to be lifted onto the cart, except by the Prince of Cornouaille; so it was
        no surprise when the cattle chose Locronan in the Forest of Nevez, near his
        former home.

        It is unclear when Rumon's relics left Locronan-despite the 16th century
        shrine still to be seen there today. It was suggested by Baring-Gould &
        Fisher that they were removed to safety in Britain during the Viking coastal
        attacks of AD 913 & 14. Tradition says they were taken to Quimper, thence
        to Ruan Lanihorne in Cornwall. In AD 960, however, Earl Ordgar of Devon
        founded his great Abbey of Tavistock, on the edge of Dartmoor. He
        translated the body of Rumon into the abbey church with much pomp and
        ceremony and there it remained, working miracles for nearly six hundred
        years: until the Dissolution of the Monastery in the late 1530s. Some
        relics, however, may have made their way back to Brittany, by the 13th
        century, including, perhaps, his head.


        Troparion of Ruman of Tavistock tone 5
        Thou didst dazzle us with a jewel, a treasure,/ a pearl of great price,/
        O righteous Father Ruman, in the God pleasing life and asceticism of the
        desert./ Thy selfless devotion, love of animals and patience/ in the
        face of false malicious tales, you are our guiding light./ Grant us thy
        great mercy.


        ********************************
        Suppliers of Icons of Celtic Saints for the church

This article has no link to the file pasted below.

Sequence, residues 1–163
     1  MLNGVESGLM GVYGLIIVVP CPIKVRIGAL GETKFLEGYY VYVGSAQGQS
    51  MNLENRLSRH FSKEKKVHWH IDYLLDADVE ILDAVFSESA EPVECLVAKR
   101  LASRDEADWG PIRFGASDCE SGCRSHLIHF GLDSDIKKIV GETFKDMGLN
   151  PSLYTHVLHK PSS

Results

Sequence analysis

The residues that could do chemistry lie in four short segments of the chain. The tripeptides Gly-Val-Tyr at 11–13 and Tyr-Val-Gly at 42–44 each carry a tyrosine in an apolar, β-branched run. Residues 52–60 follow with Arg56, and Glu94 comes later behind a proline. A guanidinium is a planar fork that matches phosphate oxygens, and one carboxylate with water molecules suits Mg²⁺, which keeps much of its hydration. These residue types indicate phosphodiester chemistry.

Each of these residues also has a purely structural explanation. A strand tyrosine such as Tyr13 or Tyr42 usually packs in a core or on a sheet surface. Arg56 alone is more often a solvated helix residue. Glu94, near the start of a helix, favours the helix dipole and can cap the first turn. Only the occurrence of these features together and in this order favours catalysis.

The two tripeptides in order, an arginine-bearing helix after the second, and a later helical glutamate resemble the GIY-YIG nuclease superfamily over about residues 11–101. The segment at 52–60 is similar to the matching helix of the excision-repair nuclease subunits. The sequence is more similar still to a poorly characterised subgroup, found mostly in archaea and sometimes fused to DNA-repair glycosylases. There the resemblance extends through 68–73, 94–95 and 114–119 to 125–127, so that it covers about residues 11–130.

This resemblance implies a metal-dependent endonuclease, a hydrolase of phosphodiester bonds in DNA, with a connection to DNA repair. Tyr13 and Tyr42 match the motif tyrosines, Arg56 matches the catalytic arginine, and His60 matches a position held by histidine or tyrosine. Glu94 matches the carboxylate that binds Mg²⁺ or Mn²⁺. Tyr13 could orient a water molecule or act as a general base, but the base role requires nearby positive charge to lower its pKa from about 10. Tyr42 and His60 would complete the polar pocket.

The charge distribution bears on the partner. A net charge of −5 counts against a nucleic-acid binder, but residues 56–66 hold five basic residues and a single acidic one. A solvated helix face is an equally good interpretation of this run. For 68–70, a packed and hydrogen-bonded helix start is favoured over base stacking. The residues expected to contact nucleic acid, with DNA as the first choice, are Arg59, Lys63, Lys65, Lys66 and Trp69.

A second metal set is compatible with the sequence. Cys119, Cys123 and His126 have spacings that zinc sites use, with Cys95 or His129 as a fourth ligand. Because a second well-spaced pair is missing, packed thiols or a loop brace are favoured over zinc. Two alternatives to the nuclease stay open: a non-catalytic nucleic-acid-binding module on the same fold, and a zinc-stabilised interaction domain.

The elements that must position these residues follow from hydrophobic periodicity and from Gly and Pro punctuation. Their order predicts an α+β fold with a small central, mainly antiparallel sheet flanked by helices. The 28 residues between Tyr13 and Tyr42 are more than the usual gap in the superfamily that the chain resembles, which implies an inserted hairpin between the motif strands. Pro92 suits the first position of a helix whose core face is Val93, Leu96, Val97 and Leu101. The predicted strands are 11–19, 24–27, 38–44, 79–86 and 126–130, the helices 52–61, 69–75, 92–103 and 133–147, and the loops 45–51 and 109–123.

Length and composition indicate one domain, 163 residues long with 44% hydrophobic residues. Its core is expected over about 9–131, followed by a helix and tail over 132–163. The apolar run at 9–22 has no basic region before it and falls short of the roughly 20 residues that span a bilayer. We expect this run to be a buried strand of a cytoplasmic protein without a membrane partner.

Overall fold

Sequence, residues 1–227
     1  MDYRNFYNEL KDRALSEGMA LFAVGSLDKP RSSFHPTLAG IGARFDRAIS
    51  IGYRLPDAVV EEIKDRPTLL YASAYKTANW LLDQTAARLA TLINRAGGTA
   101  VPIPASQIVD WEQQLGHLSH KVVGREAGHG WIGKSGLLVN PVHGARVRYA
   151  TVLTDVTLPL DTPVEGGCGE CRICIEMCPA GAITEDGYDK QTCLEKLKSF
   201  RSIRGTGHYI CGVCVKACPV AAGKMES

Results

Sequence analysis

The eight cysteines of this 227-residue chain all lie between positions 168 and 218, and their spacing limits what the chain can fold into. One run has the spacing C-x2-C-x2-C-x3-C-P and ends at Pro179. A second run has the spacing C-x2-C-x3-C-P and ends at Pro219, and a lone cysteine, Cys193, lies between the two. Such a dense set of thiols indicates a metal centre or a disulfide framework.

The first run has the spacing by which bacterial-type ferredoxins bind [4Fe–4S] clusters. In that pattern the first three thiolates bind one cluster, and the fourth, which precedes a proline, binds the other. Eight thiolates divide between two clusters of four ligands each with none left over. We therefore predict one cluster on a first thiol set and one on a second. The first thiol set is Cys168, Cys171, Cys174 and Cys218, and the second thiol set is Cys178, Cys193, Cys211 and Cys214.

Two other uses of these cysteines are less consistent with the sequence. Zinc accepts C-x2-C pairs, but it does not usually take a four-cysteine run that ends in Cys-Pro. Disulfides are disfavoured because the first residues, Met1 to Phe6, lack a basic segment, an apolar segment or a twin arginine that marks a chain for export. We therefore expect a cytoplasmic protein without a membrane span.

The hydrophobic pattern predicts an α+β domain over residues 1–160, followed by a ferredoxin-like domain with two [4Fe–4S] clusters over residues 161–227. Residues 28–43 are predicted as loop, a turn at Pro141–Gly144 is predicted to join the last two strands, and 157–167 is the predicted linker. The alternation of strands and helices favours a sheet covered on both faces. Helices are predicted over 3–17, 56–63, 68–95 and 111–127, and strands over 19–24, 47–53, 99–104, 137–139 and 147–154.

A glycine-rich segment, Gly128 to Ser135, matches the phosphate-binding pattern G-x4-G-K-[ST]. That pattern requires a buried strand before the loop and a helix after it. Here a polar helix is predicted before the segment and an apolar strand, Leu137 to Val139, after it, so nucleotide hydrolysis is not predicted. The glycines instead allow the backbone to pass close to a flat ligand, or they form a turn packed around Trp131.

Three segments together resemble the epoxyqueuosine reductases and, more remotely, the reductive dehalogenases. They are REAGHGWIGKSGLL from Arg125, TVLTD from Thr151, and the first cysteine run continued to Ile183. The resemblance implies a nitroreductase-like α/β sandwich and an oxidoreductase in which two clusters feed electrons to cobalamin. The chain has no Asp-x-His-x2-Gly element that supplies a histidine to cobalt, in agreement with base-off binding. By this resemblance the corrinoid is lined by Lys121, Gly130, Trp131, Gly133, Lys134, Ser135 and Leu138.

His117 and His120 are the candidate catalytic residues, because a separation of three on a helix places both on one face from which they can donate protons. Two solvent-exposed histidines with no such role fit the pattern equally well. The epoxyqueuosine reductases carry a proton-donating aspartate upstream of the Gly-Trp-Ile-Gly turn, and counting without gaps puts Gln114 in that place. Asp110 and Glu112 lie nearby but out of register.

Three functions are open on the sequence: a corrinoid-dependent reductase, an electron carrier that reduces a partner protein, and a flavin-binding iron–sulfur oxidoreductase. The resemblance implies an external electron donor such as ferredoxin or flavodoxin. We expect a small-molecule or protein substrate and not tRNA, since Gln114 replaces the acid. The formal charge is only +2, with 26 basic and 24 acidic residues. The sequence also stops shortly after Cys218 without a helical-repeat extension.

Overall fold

or the prayer corner at home.
        http://groups.yahoo.com/group/celt-saints/message/2875
        *********************************

        Lives kindly supplied by:
        For All the Saints:
        http://www.saintpatrickdc.org/ss/ss-index.htm

        An Alphabetical Index of the Saints of the West
        http://www.orthodoxengland.btinternet.co.uk/saintsa.htm

        These Lives are archived at:
        http://groups.yahoo.com/group/celt-saints
      • ambrois@xtra.co.nz
        Celtic and Old English Saints 4 January =-=-=-=-=-=-=-=-=-=-=-=-=-=-=-=-=-=-=-=-=-=-=-=-= * St. Rumon of Tavistock
        Message 3 of 13 , Jan 3, 2014
          Celtic and Old English Saints 4 January

          =-=-=-=-=-=-=-=-=-=-=-=-=-=-=-=-=-=-=-=-=-=-=-=-=
          * St. Rumon of Tavistock
          =-=-=-=-=-=-=-=-=-=-=-=-=-=-=-=-=-=-=-=-=-=-=-=-=


          * St. Rumon, Bishop and Confessor of Devon
          ---------------------------------------------
          6th century. This patron of the abbey of Tavistock and Romansleigh in
          Devonshire, and of Ruan Lanihorne, Ruan Major and Minor in Cornwall is
          reputed to have been a brother of Saint Tudwal. William of Malmesbury
          tells us that his vita was destroyed by the wars, but that Rumon was a
          bishop of an unidentified see. About this time a well- meaning canon
          provided a vita from Rumon by taking an abbreviated life of the Breton
          Saint Ronan and changing the name to Rumon throughout. It does, however,
          describe the translation of Rumon's relics on January 5, 981, from Ruan